Shellac, 1000 Hurts (Touch & Go): True, Steve Albini has left me feeling ambivalent re his talents as a producer on a few occasions, though in retrospect, Nirvana's In Utero sounds agreeably unpolished. Still, there can be no doubt that as a musician, the singer/guitarist is, and always has been, a punk of the first magnitude (see the Big Black back catalogue for proof). His latest outfit, Shellac, could almost be termed a punk-power trio, mixing a virtuoso approach to musicianship (I double dog dare you to find a better rhythm section than bassist Bob Weston and drummer Todd Trainer anywhere in rock today) with a brutal, unblinking sensibility. On this, the band's third studio album, there's more than enough attitude to scare the backwards baseball cap off of any Eminem fan: "Kill him, fucking kill him / Kill him already, kill him," Albini howls on the album opener, "Prayer to God," a cathartic number describing one man's reaction to his wife's infidelity. That's just for starters: 1000 Hurts delivers death, violence and adultery galore, tearing away the veil of bourgeois normality to reveal the actual horrors of the human animal. What makes this one of the best rock albums of 2000, though, is the pulverizing music — angular and oddly syncopated power-rock that finally coalesces into aural dynamite. Hats off to Mr. Albini. — Johnny Walker (Black)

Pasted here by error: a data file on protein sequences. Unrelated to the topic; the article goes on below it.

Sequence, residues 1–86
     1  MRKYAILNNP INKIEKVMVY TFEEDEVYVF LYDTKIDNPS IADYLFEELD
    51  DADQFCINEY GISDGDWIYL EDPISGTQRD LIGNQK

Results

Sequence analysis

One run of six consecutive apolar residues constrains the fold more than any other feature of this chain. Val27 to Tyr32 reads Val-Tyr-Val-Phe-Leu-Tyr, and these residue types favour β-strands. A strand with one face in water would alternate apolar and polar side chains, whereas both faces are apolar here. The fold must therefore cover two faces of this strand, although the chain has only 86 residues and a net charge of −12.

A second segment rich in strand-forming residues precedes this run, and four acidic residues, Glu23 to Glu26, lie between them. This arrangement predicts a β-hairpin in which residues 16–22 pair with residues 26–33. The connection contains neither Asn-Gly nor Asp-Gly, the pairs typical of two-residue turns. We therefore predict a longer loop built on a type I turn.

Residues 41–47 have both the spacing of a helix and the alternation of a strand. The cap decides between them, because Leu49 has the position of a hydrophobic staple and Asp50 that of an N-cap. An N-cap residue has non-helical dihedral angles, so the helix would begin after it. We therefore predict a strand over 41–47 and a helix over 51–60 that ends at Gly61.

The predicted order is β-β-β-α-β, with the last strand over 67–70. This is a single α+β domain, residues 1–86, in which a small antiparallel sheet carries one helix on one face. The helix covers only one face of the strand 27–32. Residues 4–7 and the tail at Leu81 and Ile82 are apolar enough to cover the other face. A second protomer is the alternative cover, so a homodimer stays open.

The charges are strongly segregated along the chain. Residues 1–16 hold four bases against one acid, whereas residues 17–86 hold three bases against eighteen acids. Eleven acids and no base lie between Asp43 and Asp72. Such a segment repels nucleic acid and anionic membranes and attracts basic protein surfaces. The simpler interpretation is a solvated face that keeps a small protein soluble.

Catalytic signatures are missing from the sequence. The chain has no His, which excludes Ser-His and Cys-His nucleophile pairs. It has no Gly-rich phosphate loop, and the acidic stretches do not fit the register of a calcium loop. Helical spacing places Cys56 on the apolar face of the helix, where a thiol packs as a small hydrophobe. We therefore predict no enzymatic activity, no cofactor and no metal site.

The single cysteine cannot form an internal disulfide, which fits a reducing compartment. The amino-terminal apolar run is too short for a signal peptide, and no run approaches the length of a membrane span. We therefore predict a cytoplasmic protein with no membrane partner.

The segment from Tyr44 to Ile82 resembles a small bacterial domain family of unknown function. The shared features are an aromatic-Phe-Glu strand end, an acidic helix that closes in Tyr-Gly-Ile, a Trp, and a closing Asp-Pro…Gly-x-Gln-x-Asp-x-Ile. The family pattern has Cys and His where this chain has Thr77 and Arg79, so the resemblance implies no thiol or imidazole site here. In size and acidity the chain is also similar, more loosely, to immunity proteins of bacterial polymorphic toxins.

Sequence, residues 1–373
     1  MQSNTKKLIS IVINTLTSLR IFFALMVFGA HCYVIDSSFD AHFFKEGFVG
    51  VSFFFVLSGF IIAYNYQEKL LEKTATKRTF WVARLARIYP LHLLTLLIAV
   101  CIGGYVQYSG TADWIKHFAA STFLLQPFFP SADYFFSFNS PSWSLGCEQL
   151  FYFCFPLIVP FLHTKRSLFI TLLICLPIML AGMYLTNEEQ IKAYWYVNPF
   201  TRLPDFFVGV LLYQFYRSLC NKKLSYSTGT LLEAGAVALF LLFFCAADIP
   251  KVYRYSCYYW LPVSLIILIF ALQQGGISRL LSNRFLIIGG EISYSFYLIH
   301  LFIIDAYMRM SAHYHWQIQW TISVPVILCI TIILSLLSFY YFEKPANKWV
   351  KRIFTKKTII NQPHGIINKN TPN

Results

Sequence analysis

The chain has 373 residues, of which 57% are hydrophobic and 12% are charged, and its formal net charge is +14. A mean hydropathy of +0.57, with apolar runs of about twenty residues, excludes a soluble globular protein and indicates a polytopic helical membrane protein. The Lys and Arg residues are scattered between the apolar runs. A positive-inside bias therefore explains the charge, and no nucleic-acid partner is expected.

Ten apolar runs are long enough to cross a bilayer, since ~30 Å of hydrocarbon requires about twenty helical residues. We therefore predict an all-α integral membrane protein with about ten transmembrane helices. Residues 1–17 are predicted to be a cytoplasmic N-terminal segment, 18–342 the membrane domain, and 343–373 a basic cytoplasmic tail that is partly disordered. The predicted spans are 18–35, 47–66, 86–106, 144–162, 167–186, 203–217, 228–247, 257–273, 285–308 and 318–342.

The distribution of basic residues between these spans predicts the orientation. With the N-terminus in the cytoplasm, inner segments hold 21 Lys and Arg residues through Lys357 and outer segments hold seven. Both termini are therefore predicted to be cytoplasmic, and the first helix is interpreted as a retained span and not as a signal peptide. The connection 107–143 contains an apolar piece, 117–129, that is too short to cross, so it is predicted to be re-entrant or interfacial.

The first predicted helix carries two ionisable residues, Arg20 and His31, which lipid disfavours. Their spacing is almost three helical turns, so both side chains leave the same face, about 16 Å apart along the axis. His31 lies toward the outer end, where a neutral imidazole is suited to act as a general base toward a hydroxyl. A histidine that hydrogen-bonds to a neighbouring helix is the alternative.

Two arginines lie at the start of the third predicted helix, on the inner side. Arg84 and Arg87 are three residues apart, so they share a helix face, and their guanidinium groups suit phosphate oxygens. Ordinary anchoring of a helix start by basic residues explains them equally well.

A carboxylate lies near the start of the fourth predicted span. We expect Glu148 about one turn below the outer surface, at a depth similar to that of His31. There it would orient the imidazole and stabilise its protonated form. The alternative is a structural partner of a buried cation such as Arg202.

copyright (c) 2000, 2001 michael goldberg | design by elephantcloud